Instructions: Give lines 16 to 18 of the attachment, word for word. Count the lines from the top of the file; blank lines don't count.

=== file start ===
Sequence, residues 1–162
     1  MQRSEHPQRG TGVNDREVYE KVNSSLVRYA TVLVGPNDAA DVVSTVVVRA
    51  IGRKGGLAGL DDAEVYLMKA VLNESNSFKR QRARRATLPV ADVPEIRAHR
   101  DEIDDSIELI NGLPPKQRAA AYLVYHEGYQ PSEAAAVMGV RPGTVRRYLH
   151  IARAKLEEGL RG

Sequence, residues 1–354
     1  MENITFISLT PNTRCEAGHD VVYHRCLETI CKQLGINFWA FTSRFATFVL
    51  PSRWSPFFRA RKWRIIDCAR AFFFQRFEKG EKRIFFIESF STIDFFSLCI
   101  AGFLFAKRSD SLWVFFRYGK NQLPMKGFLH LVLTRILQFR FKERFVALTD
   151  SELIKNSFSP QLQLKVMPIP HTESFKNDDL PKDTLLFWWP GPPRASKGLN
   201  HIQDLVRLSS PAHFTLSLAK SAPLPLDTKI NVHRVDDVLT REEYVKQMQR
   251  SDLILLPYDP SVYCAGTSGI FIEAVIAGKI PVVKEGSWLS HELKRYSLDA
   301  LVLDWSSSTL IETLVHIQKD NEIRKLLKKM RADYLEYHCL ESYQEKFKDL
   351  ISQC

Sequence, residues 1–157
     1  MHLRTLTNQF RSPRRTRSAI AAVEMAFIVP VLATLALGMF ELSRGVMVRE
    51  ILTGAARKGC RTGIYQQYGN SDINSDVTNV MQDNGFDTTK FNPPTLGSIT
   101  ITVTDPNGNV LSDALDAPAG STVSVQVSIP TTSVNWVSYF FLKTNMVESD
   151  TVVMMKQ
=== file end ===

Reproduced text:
     1  MHLRTLTNQF RSPRRTRSAI AAVEMAFIVP VLATLALGMF ELSRGVMVRE
    51  ILTGAARKGC RTGIYQQYGN SDINSDVTNV MQDNGFDTTK FNPPTLGSIT
   101  ITVTDPNGNV LSDALDAPAG STVSVQVSIP TTSVNWVSYF FLKTNMVESD